Is Tyler the Creator the Brian Wilson of this generation? The Song Crush Team consider his new album Igor, and rave about new music from Kelsey Lu, SJD, and more.
Host Kirsten Johnstone is joined by Danielle Street and Yadana Saw.
Alphabethead - 'Eyes Of Nothing'
Wellington’s DJ Alphabethead is known for his everything and the kitchen sink approach, but this track is just a joyful horn-driven hip-hop jam. Starting with a spoken sample from late 60s psych-rock band Beacon Street Union, adding breakbeats and cowbells, spacey synths and just the right amount of soul vocal, the scale of this track makes me wonder once again why he isn’t a beatmaker to the stars. Watch out for a full album called Leisure World on July 1st.
Tyler the Creator - 'I THINK'
Rap music’s former enfant terrible has continued his evolution with the release of fifth studio record, IGOR. The album shows the Californian artist flexing his production muscles by delivering a cover-to-cover listen packed with song structures that turn on a dime, wonderfully textured instrumentation, and an Easter egg hunt of collaborators. This track, ‘I THINK’, finds us at the hopeful beginning of IGOR’s arc, the part of the story where Tyler thinks he’s fallen in love. But is it for real? DS
Kelsey Lu - 'Due West'
Kelsey Lu is a classically trained cellist who has collaborated with Solange, Blood Orange, Lady Gaga, and Father John Misty - among others and in April she released her first full length album Blood. Stylistically it covers a large terrain - from modern classical, to folk, disco and R&B. There’s even a dreamy cover of 10cc’s 'I’m Not In Love', and maybe she’s tried to fit a little too much in, but it’s a fascinating listen.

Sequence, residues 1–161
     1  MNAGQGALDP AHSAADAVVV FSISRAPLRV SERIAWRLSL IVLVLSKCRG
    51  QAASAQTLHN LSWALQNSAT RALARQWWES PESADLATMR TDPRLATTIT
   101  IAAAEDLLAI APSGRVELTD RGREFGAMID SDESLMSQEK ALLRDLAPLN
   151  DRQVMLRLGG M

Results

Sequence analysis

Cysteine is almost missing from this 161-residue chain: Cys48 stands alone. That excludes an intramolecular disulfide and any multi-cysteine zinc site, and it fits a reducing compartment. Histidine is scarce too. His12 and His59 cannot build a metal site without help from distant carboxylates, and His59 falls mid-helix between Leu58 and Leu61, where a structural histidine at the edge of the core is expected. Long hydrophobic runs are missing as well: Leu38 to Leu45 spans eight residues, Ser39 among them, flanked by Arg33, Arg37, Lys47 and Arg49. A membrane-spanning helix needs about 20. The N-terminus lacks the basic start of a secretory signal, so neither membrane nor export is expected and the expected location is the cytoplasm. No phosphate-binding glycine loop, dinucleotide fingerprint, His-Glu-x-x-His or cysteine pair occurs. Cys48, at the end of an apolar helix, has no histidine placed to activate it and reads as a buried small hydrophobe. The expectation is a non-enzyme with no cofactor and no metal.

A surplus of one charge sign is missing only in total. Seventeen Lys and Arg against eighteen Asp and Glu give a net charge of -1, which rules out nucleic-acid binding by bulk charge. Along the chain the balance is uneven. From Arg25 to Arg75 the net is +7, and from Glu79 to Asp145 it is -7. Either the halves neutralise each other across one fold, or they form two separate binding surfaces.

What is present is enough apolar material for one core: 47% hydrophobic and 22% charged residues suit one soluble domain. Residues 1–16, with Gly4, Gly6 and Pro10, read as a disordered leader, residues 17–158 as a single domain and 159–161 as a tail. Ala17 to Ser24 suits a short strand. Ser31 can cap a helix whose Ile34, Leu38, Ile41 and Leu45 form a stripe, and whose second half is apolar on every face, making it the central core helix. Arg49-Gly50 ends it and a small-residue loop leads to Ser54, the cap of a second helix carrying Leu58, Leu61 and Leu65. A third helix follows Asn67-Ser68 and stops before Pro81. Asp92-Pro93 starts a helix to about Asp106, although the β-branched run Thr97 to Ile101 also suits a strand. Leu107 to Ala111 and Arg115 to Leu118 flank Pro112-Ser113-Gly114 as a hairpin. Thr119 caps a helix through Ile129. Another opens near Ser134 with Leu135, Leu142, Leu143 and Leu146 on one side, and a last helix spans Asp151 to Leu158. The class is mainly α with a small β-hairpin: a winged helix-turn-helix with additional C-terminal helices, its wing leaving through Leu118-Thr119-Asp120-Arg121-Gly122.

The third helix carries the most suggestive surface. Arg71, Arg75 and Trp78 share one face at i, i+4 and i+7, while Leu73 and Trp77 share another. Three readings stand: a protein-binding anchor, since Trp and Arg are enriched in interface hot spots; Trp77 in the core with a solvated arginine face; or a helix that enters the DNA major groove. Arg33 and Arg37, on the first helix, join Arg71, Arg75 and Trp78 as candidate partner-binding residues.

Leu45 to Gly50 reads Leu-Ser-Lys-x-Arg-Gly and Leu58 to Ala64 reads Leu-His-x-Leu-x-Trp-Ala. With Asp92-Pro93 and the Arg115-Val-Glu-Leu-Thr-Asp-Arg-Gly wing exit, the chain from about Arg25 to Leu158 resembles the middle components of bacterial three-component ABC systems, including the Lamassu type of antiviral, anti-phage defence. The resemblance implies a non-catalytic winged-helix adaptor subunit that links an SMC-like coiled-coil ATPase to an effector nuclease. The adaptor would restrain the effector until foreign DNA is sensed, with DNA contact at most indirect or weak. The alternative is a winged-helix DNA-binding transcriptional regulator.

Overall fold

She was raised a Jehovah's Witness in North Carolina, though even as a child it never sat right with her, music was her escape, and a lot of these songs lyrically reflect on the pain of that break with the church, her community and repairing the cracks in familial relationships.
‘Due West’, produced with restraint and sensitivity by Skrillex, is by far the most straight up pop song on the record. It tracks her migration from cold and crowded New York to the sunshine, space, and freedom of California, with such a joyful feeling that also hints at the dark places she’s been. Totally addictive, and I'm a little obsessed with her Paris catwalk of a wardrobe.
Sofia Bolt - 'Waves (Van Dyke Parks edit)'
French-born, LA-based musician Sofia Bolt (aka Amélie Rousseaux) is preparing for the release of her debut album next month, and in anticipation has served up the gorgeous title-track ‘Waves’. The song was written when Rousseaux first moved to Los Angeles, and as luck would have it, legendary composer Van Dyke Parks saw her performing it live and offered to arrange it. The addition of his string arrangements bring elements of both depth and whimsy to the track, perfectly tying together the intertwining themes of the ocean and love. I can’t wait to hear what else the album brings. DS
Church + AP UAV
SJD - 'Hide Yr Brain'
Under-appreciated Auckland producer/songwriter SJD - Sean James Donnelly - has a new 20 minute EP out called Miniatures 1, and he manages to squeeze 17 songs into that time.
There’s a big part of me that wants to start a petition that forces him to make this 58 second song into a blockbuster Zombie film, but I'm pretty sure this is a comment on our smartphone culture, and the way we all walk around like zombies staring into our screens. I have to admire the number of musical ideas he can fit in under a minute - vocal loops, a booming synth bass, glitchy beats and a beautiful melody make this an essential, though teasing, listen.
Listen to our Autumn Song Crush selections on Spotify